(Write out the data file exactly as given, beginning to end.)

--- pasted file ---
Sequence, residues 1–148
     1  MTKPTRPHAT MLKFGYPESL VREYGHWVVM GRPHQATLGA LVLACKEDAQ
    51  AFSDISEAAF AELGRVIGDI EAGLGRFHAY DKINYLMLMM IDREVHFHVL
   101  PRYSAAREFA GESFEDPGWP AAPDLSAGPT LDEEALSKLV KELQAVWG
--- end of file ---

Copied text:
Sequence, residues 1–148
     1  MTKPTRPHAT MLKFGYPESL VREYGHWVVM GRPHQATLGA LVLACKEDAQ
    51  AFSDISEAAF AELGRVIGDI EAGLGRFHAY DKINYLMLMM IDREVHFHVL
   101  PRYSAAREFA GESFEDPGWP AAPDLSAGPT LDEEALSKLV KELQAVWG